Following service of the claim form, P's liquidator wrote to C stating that P's assets were sold to PL on 28 October 2010 and, on that date, PL took up occupation of the restaurant, pursuant to a licence to occupy and with the landlord's consent. C subsequently discontinued the claim against P and successfully applied to restore PL to the Register and to extend time for serving the claim form on PL. The district judge granting the extension of time for service held that all reasonable steps had been taken to comply with CPR 7.5.
PL subsequently applied, unsuccessfully, to set aside the district judge's order extending time for service and thereafter appealed the order.
HHJ Behrens upheld the district judge's decision to grant C an extension of time for service of the claim form on PL under CPR 7.6(3). He agreed with the district judge that in the circumstances prevailing, C had taken all reasonable steps to comply with CPR 7.5.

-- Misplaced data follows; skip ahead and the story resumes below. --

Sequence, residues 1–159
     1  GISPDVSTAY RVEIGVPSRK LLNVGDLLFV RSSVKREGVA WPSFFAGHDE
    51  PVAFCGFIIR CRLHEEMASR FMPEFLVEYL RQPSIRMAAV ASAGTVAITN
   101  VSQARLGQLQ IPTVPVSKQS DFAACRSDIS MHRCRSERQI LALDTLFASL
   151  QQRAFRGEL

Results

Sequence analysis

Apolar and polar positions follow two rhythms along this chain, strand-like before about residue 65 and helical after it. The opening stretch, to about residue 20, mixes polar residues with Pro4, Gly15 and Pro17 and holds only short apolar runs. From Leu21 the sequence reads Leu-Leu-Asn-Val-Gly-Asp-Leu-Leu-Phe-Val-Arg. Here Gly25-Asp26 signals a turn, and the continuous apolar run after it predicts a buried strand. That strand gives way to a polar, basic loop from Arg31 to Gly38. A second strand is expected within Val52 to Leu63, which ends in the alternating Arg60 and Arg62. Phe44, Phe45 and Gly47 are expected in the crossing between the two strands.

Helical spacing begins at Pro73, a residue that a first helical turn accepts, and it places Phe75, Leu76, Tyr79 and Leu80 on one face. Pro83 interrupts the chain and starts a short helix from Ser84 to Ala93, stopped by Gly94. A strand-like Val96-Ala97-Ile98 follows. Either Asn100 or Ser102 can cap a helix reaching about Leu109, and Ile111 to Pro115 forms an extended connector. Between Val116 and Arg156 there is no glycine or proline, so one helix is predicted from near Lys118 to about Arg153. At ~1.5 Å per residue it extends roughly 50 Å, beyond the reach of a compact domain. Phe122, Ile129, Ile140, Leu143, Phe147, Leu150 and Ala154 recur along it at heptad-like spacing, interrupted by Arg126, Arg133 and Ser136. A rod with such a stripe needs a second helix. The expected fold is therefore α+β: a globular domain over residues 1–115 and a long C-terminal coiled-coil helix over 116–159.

The judge held that the claim form was ineffective insofar as it named PL as a defendant. It was also impossible to serve the claim form on a non-existent defendant. He observed that the general effect of an order for restoration made under section 1032 of CA 2006 was that the company was deemed to have continued in existence as if it had not been dissolved or struck off.
Since the district judge who made the restoration order was not asked to direct that the limitation period did not run while the company was dissolved, the effect of his order was that PL was deemed to have continued in existence as if it had not been struck off and dissolved. It followed that the issue of the claim form against PL was retrospectively validated. It also followed that C had four months in which to serve PL, even though it was not in existence throughout that period.